The new research is based on tweets of elected officials of House of Commons members in Canada, the French National Assembly, the German Bundestag, House of Representatives in Japan, Congress of Deputies of Spain, House of Commons in the UK, and official and personal accounts of House of Representatives and Senate members in the US, as well as news outlets, from April 1 to August 15, 2020.

gold Apple iPhone 6s displaying Twitter logo Tweets about political content from elected officials, regardless of party or whether the party is in power, do see algorithmic amplification when compared to political content on the reverse chronological timeline. | Photo by Sara Kurfeß on Unsplash

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Snapdeal co-founder and COO Rohit Bansal on Friday lauded a man who facilitated 64 registrations for the vaccine on the CoWin portal.

Even as India celebrates reaching a milestone of 100 crore Covid vaccine doses, Snapdeal co-founder and COO Rohit Bansal on Friday lauded a man who facilitated 64 registrations for the vaccine on the CoWin portal. In a video shared on his Facebook and Twitter page, Bansal hailed Sonu Kumar as a "citizen celebrity".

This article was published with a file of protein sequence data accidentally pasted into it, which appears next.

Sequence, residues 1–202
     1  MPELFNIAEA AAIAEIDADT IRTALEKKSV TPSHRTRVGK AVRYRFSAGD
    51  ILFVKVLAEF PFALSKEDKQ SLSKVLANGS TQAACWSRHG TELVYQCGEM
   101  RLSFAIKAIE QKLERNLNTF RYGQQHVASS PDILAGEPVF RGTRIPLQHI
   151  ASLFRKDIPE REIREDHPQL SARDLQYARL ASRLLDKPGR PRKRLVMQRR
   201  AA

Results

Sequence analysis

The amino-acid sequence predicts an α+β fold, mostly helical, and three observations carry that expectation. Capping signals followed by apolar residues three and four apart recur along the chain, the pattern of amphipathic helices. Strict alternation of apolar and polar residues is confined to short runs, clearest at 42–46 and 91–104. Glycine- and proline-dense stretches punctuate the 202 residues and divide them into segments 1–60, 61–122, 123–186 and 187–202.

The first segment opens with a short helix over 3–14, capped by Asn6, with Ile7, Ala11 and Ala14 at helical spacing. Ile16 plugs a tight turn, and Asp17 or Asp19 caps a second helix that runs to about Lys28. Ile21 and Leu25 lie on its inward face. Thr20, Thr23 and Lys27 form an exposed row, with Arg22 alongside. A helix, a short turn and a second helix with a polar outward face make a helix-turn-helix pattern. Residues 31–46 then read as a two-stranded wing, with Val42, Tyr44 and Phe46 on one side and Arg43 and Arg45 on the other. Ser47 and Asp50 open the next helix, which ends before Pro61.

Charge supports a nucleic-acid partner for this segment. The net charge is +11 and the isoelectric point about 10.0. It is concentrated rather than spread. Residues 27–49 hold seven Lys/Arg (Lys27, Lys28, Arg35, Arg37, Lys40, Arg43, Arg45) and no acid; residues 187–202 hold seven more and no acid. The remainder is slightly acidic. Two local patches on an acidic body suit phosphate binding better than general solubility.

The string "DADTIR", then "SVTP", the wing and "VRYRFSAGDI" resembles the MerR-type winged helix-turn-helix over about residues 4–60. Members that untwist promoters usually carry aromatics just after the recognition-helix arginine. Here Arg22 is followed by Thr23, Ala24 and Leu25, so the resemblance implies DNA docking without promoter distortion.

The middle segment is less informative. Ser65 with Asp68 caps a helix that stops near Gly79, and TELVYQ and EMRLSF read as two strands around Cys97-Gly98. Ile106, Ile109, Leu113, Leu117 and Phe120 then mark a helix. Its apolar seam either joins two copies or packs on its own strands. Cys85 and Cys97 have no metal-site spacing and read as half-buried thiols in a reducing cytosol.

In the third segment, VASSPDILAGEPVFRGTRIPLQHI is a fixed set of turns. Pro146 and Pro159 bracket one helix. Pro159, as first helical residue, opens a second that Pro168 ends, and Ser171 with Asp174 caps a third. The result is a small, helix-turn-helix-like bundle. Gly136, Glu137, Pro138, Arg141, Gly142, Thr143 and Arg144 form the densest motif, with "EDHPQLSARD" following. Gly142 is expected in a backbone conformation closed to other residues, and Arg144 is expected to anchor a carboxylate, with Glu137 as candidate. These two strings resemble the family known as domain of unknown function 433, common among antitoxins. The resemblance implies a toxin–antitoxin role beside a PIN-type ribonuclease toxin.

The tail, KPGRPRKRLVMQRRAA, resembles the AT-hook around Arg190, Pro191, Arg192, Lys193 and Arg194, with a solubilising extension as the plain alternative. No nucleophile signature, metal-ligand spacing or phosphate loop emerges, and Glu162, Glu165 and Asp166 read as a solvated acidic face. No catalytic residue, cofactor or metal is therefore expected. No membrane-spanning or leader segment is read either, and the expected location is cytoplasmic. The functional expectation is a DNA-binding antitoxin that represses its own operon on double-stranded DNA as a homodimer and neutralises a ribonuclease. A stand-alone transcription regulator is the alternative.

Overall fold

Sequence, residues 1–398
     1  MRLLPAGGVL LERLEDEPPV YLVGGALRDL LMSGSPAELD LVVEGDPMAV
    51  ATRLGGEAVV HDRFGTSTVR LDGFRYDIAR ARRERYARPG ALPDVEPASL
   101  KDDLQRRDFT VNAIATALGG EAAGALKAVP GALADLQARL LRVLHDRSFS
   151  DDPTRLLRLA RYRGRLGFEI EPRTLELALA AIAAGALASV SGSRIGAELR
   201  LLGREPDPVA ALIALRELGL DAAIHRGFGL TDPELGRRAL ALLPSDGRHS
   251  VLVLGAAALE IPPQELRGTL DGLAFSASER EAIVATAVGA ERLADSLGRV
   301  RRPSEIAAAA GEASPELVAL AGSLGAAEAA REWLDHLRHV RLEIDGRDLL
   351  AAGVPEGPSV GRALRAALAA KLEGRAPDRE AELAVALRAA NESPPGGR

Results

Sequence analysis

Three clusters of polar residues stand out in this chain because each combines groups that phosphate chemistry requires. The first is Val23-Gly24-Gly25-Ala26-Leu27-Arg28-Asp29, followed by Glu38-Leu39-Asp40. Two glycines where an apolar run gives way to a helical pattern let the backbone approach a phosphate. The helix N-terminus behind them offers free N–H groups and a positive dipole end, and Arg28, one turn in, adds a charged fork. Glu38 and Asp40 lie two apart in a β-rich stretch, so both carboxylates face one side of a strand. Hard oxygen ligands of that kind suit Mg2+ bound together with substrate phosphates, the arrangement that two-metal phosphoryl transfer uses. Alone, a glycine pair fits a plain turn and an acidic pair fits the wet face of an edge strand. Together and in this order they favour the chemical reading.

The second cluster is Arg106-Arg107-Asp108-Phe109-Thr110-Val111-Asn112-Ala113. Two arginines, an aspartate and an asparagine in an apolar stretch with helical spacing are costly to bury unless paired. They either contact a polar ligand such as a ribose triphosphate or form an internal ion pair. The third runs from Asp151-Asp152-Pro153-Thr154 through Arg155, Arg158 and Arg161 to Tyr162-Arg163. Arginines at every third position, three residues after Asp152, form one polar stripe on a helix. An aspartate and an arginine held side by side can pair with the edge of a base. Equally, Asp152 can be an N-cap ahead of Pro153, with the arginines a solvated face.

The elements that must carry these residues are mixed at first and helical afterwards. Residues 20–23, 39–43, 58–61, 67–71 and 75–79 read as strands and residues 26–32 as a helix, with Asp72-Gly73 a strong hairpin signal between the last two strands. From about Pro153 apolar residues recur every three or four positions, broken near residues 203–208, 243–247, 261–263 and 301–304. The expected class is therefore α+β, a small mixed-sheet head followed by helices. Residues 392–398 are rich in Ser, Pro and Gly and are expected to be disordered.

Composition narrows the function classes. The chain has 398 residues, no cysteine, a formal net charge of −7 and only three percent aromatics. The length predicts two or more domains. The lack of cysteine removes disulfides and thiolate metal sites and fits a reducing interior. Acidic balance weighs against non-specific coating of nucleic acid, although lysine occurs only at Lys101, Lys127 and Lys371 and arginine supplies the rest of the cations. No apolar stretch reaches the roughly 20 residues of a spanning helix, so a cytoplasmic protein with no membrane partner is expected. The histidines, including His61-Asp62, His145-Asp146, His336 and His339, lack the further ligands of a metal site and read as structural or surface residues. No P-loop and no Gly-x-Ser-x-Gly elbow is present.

Bansal said that Kumar not only helped "just co-workers and family but complete strangers too. With patience, empathy and uncanny jugaad". He added that Kumar joined him "many moons ago" and completed his open school from a parking lot.

"Education has helped this wonderful man enable others to get India back on track. Bravo! The CoWin portal on Thursday mentioned that a total of 100 crore vaccine doses has been administered so far to the eligible population under the vaccination drive in India, nine months after the nationwide inoculation programme was started to protect the people against Covid-19.

"It's a cause of significant celebration and happiness," Bansal said in the video. He said that while people just help a few around them, Kumar "bridged the digital gap" for 64 people, who were finding it difficult to register themselves online on the vaccine portal. Kumar said he doesn't feel that he has contributed much towards the 100 crore vaccine dose count. "I have been able to help only 64 people, if I was able to help more I would have been happier." (IANS/ MBI)


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VOA

A health worker counts antiretroviral drug tablets for a patient at The AIDS Support Organization (TASO) in the capital Kampala, Uganda, July 12, 2012.

KAMPALA, UGANDA — Uganda has kickstarted a trial for the injectable HIV drugs cabotegravir and rilpivirine. Researchers and those living with HIV say the trial will likely end pill fatigue, fight stigma, improve adherence and ensure patients get the right dosage.

The two drugs have been in use as tablets. The World Health Organization last year licensed their use as injectables.